Morsi's decree, while satisfying a majority of the public, was met with fury by judges. Hundreds of judges visited the prosecutor-general's residence on Friday to declare their support for him, and meetings were held at the headquarters of the Cairo Judges Club and at judges clubs in the different governorates in order to discuss the repercussions of the decree.
Harsh statements were issued by judges who condemned what they called attempts to dismiss the prosecutor-general and interfere in the work of the judiciary. News that a general assembly would be held on Sunday to consider further steps was also reported.
"What has happened has ended the rule of law in Egypt," said judge Alaa Kandil, a board member of the Cairo Judges Club.
"It's a mournful day for the history of the judiciary. The decree, which violates the law, is the beginning of a new attack on the judiciary similar to that which took place in 1969 during the time of late president Gamal Abdel-Nasser," said judge Zakaria Shalash, chief justice of the Giza Criminal Court.
Chair of the Cairo Judges Club judge Ahmed Al-Zend, known for his association with the former regime, blamed the president's advisors for causing the crisis and endangering Egypt's future.
Judge Ezzat Agwa, chair of the Alexandria Judges Club and a close ally of Al-Zend, expressed the hope that the president would recall the decree and apologise to the judiciary.
For his part, the prosecutor-general defied the decree and said that he would remain in his post, arguing that he could not be dismissed. He was taking this stance in order to defend the judiciary's independence, he said.
In statements to the media, Mahmoud said that he had been pressured by Justice Minister Ahmed Mekki and Constituent Assembly chairman judge Hossam Al-Ghiriani to accept the new post.
However, sources close to the prosecutor-general said that Mahmoud had at first accepted the post without any pressure, but after receiving phone calls from certain judges who advised him not to leave his job and promised to back him he had changed his mind.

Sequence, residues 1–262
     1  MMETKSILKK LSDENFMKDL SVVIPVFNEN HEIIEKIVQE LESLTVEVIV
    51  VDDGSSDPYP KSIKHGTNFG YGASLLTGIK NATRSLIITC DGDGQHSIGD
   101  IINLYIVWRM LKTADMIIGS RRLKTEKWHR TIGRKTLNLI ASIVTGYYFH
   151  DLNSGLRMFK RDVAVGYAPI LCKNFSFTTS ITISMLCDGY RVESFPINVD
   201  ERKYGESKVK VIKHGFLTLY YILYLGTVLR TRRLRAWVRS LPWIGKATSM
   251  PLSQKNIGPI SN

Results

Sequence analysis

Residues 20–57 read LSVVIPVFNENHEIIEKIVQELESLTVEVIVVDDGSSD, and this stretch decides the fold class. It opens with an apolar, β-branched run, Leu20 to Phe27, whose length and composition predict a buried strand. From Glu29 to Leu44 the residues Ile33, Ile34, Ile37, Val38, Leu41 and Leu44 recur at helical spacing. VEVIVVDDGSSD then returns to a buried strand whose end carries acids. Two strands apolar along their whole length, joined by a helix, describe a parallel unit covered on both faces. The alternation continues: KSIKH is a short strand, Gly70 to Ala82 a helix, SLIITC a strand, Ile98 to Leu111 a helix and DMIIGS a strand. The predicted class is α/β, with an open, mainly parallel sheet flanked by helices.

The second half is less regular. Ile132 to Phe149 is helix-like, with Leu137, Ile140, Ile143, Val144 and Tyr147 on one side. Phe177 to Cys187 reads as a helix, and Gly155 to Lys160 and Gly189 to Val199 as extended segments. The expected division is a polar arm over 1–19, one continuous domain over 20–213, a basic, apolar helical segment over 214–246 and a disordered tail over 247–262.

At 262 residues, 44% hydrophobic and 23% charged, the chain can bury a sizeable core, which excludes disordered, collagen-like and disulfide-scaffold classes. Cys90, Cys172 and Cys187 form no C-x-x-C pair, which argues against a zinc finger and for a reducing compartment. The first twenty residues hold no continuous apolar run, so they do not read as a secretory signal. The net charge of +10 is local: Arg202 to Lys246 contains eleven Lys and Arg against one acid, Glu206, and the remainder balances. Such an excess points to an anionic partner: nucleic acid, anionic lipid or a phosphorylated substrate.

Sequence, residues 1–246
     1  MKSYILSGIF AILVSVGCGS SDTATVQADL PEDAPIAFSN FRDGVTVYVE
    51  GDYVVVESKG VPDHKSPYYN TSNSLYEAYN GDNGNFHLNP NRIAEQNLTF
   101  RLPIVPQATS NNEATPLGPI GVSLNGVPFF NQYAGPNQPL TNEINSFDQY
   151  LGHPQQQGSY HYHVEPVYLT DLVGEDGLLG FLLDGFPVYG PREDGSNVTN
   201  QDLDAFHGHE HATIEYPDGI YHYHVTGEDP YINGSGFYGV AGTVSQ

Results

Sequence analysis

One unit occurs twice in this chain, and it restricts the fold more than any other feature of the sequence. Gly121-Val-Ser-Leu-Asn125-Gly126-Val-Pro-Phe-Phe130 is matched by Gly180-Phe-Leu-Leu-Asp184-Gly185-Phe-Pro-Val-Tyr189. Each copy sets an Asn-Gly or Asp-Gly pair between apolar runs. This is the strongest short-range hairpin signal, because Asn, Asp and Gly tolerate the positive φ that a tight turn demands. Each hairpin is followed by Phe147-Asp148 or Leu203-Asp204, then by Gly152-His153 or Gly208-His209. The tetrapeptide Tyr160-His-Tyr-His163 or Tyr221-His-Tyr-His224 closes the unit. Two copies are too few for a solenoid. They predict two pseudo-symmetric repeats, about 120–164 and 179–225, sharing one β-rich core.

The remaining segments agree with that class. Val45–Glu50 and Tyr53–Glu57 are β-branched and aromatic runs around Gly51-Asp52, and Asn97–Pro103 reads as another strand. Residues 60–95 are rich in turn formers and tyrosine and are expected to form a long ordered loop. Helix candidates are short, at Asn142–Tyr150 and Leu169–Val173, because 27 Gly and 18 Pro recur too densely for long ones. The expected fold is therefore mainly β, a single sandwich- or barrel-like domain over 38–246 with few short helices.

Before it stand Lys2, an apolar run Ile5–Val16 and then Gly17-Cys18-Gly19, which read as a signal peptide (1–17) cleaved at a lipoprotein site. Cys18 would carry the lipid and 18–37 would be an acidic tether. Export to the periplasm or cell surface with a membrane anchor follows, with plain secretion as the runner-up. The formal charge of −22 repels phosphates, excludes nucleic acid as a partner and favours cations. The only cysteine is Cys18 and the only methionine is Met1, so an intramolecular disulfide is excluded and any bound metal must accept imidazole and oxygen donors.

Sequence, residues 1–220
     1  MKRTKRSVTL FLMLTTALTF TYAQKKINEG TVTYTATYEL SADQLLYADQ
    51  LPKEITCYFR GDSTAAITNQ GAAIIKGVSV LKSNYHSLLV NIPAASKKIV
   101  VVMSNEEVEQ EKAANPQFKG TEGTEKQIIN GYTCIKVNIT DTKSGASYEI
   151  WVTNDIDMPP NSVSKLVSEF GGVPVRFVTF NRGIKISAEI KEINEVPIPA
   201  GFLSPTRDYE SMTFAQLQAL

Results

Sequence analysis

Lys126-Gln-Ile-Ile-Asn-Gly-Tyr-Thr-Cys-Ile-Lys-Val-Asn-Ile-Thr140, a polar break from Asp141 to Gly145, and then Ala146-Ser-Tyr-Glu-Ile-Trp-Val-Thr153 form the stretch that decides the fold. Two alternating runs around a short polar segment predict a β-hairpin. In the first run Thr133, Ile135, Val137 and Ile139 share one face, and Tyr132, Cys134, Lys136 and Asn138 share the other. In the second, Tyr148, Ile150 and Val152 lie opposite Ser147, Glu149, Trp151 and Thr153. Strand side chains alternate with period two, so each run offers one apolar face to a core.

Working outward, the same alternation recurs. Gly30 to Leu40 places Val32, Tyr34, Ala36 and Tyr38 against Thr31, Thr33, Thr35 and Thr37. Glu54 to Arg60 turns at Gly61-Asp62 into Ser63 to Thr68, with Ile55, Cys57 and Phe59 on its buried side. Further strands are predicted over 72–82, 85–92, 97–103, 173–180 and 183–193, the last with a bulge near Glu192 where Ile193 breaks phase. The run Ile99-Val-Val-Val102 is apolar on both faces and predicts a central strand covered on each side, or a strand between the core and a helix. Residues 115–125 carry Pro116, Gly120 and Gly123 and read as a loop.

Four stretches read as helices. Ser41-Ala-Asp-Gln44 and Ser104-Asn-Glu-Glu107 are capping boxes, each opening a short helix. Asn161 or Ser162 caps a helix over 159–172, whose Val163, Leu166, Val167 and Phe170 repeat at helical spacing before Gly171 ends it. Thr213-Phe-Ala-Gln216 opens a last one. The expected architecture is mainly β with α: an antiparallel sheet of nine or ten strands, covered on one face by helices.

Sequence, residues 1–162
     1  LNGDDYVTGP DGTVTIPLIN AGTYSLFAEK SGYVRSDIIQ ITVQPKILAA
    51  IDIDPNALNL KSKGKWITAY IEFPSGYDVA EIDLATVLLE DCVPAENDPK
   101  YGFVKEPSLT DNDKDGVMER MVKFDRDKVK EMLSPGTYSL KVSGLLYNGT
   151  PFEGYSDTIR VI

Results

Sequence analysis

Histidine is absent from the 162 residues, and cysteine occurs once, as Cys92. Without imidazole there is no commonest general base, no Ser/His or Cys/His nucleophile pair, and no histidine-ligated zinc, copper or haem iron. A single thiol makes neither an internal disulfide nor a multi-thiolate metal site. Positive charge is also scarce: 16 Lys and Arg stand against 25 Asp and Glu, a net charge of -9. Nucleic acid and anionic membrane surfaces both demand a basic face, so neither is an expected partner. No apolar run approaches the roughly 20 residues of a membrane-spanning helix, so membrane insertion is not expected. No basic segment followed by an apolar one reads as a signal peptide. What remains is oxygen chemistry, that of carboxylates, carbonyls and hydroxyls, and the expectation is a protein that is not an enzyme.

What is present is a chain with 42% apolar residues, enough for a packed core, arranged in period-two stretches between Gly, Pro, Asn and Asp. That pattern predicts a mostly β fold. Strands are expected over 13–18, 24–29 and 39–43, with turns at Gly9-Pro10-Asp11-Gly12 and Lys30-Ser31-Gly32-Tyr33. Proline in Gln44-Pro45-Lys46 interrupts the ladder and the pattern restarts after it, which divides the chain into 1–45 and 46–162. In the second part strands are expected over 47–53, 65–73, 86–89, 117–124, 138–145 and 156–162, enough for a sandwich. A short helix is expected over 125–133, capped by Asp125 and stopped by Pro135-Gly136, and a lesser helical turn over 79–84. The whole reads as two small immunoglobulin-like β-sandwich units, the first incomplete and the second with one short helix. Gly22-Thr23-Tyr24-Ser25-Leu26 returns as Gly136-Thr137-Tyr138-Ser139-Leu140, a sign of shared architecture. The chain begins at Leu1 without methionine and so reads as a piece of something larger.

According to Article 67 of the judicial authority law, the prosecutor-general cannot be dismissed. He can only submit his resignation, accept a new post, or reach the age of retirement. Mahmoud will reach retirement age in 2016.
However, judge Zakaria Abdel-Aziz, former chair of the Cairo Judges Club, said that the immunity that judges enjoy does not prevent them from being questioned in cases where they are suspected of committing violations.
Dozens of complaints against judges accused of making politicised rulings or rigging polls during the Mubarak era are now at the office of the justice minister, who should delegate a judge to investigate such complaints.
Sources close to the minister said that he was reluctant to take this step, since it could look as if he was "settling old accounts".
Reactions to the presidential decree varied. At a time when secularist and civil political forces have been expressing their reservations at alleged attempts to interfere in the affairs of the judiciary, the Islamist parties met the decree with relief.
Essam Al-Erian, acting chair of the Muslim Brotherhood's Freedom and Justice Party, called upon the prosecutor-general to accept the new post, noting that the other available options would not be easy.
Al-Gamaa Al-Islamiya called for Mahmoud's being referred for trial, and group members said that they would gather in front of his office in order to prevent him from entering.
The attempt to dismiss the prosecutor-general is considered as the second clash between the presidency and the judiciary. The first was in last July, when Morsi issued a decree reinstating the parliament, which had been dissolved by a Constitutional Court ruling.
Faced with strong opposition from judges and anti-Islamists, he was obliged to back down three days later. The question now is how long the hidden conflict between the two institutions will continue.